Why you need Two-Factor Authentication (2FA)
Back in the 1990’s, one of the most-watched programmes was “The X-Files”. Week after week we would watch FBI Agents Mulder and Scully tackle things that should not be. I remember one episode where Mulder has gone missing and Scully is trying to crack his password on his laptop which she eventually does by using “Trustno1”, which at the time I thought was the cleverest password I’d ever seen. It’s also been featured quite prominently in the worst password lists, which are a perennial IT favourite for the end of the year.
Password Management for users is a problem for IT support departments. Make things too complicated and you get pushback from everyone (up to and including senior management) or make them too lax and you invite the account to be compromised and potentially create a security risk. Windows Server does give various options for management within a domain:
- Enforced password change (so users have to change after a set period of time).
- Password History (so you can’t use the same password more than once).
- Usage of special characters (such as !, $, %, ^, etc as part of the password).
What seems to happen is that users then use the same password and then just tag a 1, 2, 3, 4, etc on the end in order to satisfy your carefully constructed rules, but creating a potential security hole for your IT support team.
Two (or Multi) Factor Authentication (2FA) uses two different items of information in order to authenticate. Typically this is something you have and something you know. There are others, such as ‘somewhere you are’, but these are the two we will be focusing on.
- Something you have could be something like a USB stick, bank card or what is typically called a ‘token’.
- Something you know. This is usually your password or PIN.
Only by using a combination of these will you be able to authenticate and gain access to your systems. Drawing cash out of an ATM is an excellent example of 2FA, you need both your bank card and your PIN. Either of these on their own is no good. You need both.
Imagine sitting at your workstation or connecting remotely via a VPN. You enter your username and then your password. Once your password has been authenticated it will then ask you for your token code. Typically this is the set of numbers found on either a physical token or on the software-based ‘soft’ tokens that you can load onto your smartphone. This can be combined with an additional PIN, but that is very much down to individual configuration. The numbers on either a physical or soft token change every minute so providing an ever-changing means of authentication.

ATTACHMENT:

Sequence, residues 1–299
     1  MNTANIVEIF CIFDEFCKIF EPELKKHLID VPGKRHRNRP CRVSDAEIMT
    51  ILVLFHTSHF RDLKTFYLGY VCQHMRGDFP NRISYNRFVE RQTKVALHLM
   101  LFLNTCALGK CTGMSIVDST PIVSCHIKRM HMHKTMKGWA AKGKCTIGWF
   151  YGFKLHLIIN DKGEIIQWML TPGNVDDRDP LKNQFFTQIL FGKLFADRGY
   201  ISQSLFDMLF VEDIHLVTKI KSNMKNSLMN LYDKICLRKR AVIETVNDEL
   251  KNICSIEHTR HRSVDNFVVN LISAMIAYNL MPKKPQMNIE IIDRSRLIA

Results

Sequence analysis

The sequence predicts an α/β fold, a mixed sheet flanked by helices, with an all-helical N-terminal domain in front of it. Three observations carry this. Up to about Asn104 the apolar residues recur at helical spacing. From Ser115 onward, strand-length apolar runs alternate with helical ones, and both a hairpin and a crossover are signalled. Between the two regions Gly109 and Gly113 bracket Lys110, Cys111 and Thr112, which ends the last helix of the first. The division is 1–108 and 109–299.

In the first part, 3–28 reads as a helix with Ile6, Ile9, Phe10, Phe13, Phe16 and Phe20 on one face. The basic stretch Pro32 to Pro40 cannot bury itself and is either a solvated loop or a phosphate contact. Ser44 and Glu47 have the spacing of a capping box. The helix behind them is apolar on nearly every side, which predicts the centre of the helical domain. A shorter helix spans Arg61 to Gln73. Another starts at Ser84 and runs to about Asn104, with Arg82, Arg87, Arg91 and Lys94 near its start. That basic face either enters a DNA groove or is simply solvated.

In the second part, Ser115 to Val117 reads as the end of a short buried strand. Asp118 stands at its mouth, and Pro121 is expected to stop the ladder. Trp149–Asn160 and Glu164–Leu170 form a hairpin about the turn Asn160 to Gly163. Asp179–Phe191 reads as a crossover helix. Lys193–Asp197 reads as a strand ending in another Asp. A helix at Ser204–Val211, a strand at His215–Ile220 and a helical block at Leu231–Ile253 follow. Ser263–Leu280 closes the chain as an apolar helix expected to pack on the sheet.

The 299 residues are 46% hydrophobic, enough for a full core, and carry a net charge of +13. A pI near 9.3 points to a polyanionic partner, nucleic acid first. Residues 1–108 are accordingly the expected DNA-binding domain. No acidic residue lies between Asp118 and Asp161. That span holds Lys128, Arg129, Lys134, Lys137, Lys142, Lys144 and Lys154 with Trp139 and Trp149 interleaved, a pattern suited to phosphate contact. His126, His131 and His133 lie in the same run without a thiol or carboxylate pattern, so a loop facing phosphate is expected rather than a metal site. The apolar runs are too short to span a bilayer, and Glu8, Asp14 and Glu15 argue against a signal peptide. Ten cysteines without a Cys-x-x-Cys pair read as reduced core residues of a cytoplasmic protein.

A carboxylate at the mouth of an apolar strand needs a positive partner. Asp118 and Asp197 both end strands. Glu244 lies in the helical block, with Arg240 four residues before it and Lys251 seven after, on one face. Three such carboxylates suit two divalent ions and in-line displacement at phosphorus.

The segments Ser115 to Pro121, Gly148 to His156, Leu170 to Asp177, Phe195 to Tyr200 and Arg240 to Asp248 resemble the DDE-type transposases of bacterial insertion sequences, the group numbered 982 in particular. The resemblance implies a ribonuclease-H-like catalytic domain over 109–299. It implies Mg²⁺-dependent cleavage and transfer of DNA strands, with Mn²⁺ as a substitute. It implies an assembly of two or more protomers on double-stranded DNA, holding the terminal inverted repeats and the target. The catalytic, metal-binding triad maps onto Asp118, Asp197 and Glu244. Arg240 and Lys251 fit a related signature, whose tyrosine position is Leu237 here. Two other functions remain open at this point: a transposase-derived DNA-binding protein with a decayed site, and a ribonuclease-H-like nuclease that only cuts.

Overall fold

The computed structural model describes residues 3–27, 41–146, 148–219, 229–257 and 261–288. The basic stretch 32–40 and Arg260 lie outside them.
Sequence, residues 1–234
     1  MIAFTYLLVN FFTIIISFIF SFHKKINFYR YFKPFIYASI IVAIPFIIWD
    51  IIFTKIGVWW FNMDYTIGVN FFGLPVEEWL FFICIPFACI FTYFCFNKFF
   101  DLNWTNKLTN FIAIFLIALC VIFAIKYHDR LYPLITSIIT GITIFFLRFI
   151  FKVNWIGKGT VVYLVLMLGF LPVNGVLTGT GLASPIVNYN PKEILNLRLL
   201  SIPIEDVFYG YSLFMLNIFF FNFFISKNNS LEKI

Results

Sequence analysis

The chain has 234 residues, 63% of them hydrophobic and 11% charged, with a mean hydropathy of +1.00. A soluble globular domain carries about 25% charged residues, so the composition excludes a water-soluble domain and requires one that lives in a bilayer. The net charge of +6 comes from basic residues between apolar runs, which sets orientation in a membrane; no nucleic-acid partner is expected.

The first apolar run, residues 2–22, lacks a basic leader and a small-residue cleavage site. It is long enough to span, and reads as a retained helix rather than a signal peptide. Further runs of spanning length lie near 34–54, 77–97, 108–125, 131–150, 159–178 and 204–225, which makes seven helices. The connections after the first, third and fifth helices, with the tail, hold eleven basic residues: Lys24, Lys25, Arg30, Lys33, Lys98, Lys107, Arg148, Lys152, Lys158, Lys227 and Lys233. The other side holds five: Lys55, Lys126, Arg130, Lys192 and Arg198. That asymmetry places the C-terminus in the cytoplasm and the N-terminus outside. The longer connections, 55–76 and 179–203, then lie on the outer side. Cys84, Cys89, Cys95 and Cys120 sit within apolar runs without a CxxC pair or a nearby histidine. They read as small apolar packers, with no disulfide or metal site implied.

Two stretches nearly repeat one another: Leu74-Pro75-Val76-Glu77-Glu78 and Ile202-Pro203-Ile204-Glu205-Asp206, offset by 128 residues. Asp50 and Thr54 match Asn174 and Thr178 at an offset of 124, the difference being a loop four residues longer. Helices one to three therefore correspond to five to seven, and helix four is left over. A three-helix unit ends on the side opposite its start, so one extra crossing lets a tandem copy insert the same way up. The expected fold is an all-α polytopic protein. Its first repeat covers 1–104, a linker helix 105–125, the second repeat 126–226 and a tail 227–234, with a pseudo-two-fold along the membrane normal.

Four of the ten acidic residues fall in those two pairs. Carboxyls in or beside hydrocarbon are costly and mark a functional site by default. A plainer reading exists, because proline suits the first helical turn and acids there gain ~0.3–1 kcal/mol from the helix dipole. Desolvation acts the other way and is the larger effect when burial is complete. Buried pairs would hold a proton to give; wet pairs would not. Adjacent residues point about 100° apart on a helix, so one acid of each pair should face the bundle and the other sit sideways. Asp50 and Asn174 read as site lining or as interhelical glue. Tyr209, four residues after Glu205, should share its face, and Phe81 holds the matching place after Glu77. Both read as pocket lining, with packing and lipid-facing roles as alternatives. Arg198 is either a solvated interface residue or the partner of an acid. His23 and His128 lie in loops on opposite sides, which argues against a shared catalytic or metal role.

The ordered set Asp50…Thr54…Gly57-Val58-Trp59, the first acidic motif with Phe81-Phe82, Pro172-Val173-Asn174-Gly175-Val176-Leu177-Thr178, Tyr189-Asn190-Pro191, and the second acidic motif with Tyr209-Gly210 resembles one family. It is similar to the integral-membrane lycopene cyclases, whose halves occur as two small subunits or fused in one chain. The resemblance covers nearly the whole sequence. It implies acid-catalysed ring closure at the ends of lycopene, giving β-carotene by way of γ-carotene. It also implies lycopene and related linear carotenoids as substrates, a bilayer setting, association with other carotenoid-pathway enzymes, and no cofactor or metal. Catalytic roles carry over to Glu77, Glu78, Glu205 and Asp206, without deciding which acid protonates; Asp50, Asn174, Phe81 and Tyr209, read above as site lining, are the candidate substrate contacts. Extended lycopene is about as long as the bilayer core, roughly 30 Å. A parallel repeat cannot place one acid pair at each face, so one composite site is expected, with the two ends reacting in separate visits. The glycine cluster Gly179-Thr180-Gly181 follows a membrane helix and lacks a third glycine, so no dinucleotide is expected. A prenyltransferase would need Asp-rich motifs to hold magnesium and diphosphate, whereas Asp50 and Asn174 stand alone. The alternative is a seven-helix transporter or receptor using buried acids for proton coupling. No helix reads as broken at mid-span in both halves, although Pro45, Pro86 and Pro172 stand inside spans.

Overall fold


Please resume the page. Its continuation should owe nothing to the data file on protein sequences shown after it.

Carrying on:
If you are at a coffee shop, connecting to your cloud services, and someone surreptitiously spies your password (and other details) then they would only have a minute in order to gain access (assuming they had your other details) before the token code changed and it would then be useless.
There has been a recent move towards soft tokens. Unlike physical tokens, they won’t need replacing (physical tokens have on average three years battery life) and they don’t tend to get lost as often. There are multiple choices for soft tokens including some that can act as a ‘repository’ for tokens so you only need the one app. How soft tokens work is also changing, such as receiving a push notification to your smart device asking you to approve the access when you try to authenticate.
Aside from Soft Tokens, it is also worth mentioning that 2FA can take different forms when connecting to a system. You might get an automated call to a specific number, and only if that call is answered in the correct way would you get authenticated onto that system.
IT security is a hidden business issue that can have deep repercussions. Business security is a more and more important issue with each passing day, but users are often resistant to change. When you consider how important your systems/data are and also how important service accounts are (such as Twitter, Facebook, Instagram, etc), the question becomes can you afford not to?
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